A Foreclosure sale means that the bank has full possession of the home and is the seller you will be negotiating with.  A foreclosure purchase is most like a traditional home purchase out of these three examples.  The biggest advantage of foreclosure sales is that you are dealing with a seller who has no emotional ties to the property.  It is simply a matter of recovering as much of their money as possible.  The second advantage is that you can purchase a home at a value much below market value.  You are free to negotiate price and seller concessions, but keep in mind the bank has based the selling price on a recent appraisal done to determine value.  The final selling price boils down to how desperate the bank is to sell the property.  So while you can offer a lower price, don’t be insulting.

The disadvantage of foreclosure homes is that they generally require repairs before you can assume occupancy.  The seller (the bank) also has more control of the sales process and can back out for any reason, such as an amended contract with a condition they find unacceptable.  Start by writing a sales contract that you understand, protects your interest and with terms you can agree with.  By reading your contract carefully and in detail you can generally avoid most areas of contention.

A HUD Home is an FHA owned property where the home is made available to individual, owner occupied buyers for the first 10 days it is on the market.  After these initial 10 days, all bids are reviewed at one time.  If no offers are accepted investment buyers can then place bids on the property.  Again the advantage of these types of sales is the ability to get the home for a price under the typical market value. 

The biggest disadvantage to a HUD home is that the asking price is set at an “as is” appraised value.  Any bid for more than this amount must be paid in cash at close by the buyer.  If your sales price is higher than the asking price, you can only mortgage the asking price less your down payment.  Be prepared to move quickly if you have your eye on a HUD home; if the repairs are at a minimum these homes will move quickly.  Generally homes purchased by investors require significant improvements to bring them back to acceptable safety standards.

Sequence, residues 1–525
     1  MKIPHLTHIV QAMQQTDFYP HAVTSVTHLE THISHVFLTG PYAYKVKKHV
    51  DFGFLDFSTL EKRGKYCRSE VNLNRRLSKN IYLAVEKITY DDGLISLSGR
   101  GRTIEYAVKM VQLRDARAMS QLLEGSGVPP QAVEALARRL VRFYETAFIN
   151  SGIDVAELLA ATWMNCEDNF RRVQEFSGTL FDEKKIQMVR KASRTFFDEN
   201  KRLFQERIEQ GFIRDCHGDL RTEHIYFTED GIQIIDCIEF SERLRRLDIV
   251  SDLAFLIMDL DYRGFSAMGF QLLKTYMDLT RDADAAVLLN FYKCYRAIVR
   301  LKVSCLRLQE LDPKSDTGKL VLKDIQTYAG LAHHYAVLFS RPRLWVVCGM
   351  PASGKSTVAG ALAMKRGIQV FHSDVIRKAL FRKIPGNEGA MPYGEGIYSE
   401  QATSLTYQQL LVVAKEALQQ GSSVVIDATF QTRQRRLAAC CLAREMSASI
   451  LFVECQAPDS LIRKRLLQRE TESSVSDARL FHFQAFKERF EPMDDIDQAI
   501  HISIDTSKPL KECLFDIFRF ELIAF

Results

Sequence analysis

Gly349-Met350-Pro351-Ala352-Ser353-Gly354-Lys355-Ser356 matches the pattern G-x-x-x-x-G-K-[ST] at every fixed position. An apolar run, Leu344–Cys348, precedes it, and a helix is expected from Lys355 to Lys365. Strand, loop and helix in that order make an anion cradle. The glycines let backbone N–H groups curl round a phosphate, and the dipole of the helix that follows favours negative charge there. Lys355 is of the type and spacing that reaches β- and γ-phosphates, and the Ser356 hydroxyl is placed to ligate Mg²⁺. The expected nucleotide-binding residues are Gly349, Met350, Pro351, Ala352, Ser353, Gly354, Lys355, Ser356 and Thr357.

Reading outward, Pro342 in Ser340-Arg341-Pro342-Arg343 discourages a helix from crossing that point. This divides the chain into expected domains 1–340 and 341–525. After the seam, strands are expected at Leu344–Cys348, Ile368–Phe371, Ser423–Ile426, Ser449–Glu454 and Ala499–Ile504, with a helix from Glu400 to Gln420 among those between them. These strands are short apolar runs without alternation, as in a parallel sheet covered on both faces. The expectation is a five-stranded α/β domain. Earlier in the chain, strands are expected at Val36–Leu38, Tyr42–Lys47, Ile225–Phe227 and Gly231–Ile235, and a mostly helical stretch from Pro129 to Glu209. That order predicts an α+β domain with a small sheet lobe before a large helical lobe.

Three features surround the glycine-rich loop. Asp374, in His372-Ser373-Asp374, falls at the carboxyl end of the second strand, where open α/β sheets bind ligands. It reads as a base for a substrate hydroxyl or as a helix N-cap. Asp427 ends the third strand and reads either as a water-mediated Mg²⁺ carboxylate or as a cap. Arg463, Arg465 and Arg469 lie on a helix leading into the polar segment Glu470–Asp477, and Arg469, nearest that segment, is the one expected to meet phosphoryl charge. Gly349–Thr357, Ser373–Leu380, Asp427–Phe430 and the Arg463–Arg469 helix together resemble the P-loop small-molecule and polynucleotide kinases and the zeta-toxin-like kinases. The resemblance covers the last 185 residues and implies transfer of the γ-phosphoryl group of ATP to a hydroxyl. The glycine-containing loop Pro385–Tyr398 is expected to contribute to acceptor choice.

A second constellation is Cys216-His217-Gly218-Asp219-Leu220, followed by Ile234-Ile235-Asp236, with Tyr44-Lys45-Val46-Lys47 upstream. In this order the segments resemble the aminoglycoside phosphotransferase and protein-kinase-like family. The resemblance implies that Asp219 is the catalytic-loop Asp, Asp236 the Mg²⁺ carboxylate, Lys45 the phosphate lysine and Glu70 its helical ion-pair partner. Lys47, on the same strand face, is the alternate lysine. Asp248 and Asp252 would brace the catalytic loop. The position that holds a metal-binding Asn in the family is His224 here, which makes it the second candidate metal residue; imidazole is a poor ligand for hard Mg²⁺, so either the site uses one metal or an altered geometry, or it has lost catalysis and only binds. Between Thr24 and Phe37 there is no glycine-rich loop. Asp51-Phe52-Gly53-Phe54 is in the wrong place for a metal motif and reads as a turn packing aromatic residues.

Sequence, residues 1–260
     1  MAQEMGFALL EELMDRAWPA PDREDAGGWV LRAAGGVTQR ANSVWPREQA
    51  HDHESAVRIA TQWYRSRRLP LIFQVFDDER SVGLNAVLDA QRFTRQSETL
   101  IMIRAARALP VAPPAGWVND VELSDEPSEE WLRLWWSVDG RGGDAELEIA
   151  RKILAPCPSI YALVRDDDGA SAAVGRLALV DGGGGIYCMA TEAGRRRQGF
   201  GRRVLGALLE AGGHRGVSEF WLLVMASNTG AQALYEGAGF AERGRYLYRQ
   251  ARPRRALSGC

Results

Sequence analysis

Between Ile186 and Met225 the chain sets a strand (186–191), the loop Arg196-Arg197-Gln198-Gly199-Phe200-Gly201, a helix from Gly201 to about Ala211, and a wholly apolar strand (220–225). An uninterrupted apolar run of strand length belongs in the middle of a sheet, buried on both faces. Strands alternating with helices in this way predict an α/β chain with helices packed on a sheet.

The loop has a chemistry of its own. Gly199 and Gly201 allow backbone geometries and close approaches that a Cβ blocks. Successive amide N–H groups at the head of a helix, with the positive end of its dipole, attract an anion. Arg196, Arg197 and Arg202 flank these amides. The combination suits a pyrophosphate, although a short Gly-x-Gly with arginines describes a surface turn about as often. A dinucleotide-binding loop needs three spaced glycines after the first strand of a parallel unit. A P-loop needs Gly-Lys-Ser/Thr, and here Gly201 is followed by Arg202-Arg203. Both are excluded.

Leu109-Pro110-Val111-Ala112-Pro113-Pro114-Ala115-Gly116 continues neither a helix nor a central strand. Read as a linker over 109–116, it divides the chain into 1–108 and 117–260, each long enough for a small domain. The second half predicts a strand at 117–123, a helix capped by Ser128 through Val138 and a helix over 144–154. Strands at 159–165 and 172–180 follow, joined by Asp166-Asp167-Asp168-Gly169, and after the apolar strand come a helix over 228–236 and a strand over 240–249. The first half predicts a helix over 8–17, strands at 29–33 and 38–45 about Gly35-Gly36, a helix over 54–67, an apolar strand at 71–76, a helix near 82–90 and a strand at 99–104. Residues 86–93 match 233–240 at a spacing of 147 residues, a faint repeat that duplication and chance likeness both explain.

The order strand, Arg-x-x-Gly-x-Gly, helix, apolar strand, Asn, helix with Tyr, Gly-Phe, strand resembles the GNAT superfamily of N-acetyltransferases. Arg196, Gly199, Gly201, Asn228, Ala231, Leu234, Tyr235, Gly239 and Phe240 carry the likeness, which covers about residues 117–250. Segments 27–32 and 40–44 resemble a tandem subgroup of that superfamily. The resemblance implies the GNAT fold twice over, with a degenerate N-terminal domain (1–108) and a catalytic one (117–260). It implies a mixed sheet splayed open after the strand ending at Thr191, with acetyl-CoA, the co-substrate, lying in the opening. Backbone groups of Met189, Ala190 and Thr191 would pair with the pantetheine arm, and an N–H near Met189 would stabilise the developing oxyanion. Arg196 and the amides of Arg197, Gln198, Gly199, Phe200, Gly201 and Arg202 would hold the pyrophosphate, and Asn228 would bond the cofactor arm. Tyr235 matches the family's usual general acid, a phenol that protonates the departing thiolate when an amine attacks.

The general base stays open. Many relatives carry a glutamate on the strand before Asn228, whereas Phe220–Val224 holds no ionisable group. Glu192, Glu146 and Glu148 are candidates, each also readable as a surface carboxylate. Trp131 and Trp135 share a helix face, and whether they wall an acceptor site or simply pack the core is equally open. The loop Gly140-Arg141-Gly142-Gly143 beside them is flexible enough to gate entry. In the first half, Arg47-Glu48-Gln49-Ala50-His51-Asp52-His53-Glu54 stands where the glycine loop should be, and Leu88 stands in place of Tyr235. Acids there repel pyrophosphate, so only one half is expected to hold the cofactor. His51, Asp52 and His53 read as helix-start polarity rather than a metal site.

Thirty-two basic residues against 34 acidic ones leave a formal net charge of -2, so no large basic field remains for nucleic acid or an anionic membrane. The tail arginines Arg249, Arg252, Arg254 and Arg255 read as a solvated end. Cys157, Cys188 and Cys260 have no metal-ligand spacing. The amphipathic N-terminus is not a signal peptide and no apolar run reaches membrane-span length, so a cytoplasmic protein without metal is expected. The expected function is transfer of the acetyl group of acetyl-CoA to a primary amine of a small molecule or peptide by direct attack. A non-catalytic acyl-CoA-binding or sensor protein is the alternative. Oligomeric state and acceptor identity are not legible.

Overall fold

Don’t be afraid of these types of transactions, just do your homework and work with licensed professionals who have experience with these types of purchases.  They can help you navigate the process successfully.

Physical and Financial Fitness – Who is Responsible?

February 9, 2010

We recently found a blog post by Philosophy Professor Nina Rosenstand from San Diego Mesa College where she raised the question of whether or not staying slim was a moral responsibility.  She implicitly asked who should ultimately be responsible for our own physical health, and whether or not an employer could assume this task.  While the focus of her article was on physical fitness, it got us thinking.  Who is ultimately responsible for your financial fitness? 

In the same way our weight is used as one indicator of physical health, a person’s credit score is used to portray a person’s financial fitness.  Your credit score measures your fiscal responsibility from the past up to the present.  Like your weight, this too is only one indicator of your overall financial health.   A credit score doesn’t account for factors outside of your control like a company closing leaving you without a job and therefore no income, that potentially leads to foreclosure.  Your credit score doesn’t explain a divorce that suddenly cuts your income in half. 

However, do the occurrences of life totally void us of all responsibility when it comes to our finances?  Are “we the people” to some degree responsible for this messed up economy due to our collective lack of financial accountability?  Can we be allowed to wash our hands of financial integrity just because “life” happens?  Shouldn’t we expect the unexpected to happen?   

Being financially sound (i.e.: strong credit scores, emergency savings, balanced budgets, living within our means) has many benefits such as lower health and auto insurance rates, better interest rates, and even job offers.  Should we push the blame of financial blunders onto someone else?  At what point do we say this is my life, my finances, my responsibility?  Along with teaching our children about living healthy, we need to also teach them financial responsibility.  Perhaps we might find that sound financial health can lead to better physical health.

We are not so ignorant (nor arrogant) to think that hiccups are not going to occur along the path of life.  They do.  And if you have not experienced one, odds are you will at some point.  As a company we are bound by industry and legal regulations to enforce set standards of acceptable financial health.  However, we also want to help our clients improve and maintain optimal financial health.  We cannot fix a client’s struggling credit any more than we can do sit-ups for you, but like a personal trainer we can offer guidance, suggestions and helpful ideas. 

What are your thoughts?